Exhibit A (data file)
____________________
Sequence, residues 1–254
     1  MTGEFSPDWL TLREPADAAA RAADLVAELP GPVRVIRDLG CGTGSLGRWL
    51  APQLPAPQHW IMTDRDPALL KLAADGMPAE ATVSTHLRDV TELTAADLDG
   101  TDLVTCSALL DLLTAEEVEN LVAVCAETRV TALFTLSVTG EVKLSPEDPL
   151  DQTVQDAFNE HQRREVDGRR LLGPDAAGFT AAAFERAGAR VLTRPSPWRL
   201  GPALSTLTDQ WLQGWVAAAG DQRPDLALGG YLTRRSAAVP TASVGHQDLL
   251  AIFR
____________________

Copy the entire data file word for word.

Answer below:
Sequence, residues 1–254
     1  MTGEFSPDWL TLREPADAAA RAADLVAELP GPVRVIRDLG CGTGSLGRWL
    51  APQLPAPQHW IMTDRDPALL KLAADGMPAE ATVSTHLRDV TELTAADLDG
   101  TDLVTCSALL DLLTAEEVEN LVAVCAETRV TALFTLSVTG EVKLSPEDPL
   151  DQTVQDAFNE HQRREVDGRR LLGPDAAGFT AAAFERAGAR VLTRPSPWRL
   201  GPALSTLTDQ WLQGWVAAAG DQRPDLALGG YLTRRSAAVP TASVGHQDLL
   251  AIFR